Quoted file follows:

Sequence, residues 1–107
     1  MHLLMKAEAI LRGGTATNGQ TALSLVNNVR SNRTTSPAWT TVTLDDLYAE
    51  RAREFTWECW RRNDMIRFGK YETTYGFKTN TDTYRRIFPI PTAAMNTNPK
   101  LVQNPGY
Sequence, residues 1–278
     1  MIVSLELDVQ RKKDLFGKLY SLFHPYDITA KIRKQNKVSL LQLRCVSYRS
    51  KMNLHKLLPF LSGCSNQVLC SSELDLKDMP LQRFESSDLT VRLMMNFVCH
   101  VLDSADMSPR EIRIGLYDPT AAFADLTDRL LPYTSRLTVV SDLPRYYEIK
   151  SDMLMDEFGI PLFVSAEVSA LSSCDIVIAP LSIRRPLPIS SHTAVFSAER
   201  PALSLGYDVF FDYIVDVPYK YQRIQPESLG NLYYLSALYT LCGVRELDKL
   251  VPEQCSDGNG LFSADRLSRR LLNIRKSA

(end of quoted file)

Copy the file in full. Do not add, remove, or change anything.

Sequence, residues 1–107
     1  MHLLMKAEAI LRGGTATNGQ TALSLVNNVR SNRTTSPAWT TVTLDDLYAE
    51  RAREFTWECW RRNDMIRFGK YETTYGFKTN TDTYRRIFPI PTAAMNTNPK
   101  LVQNPGY
Sequence, residues 1–278
     1  MIVSLELDVQ RKKDLFGKLY SLFHPYDITA KIRKQNKVSL LQLRCVSYRS
    51  KMNLHKLLPF LSGCSNQVLC SSELDLKDMP LQRFESSDLT VRLMMNFVCH
   101  VLDSADMSPR EIRIGLYDPT AAFADLTDRL LPYTSRLTVV SDLPRYYEIK
   151  SDMLMDEFGI PLFVSAEVSA LSSCDIVIAP LSIRRPLPIS SHTAVFSAER
   201  PALSLGYDVF FDYIVDVPYK YQRIQPESLG NLYYLSALYT LCGVRELDKL
   251  VPEQCSDGNG LFSADRLSRR LLNIRKSA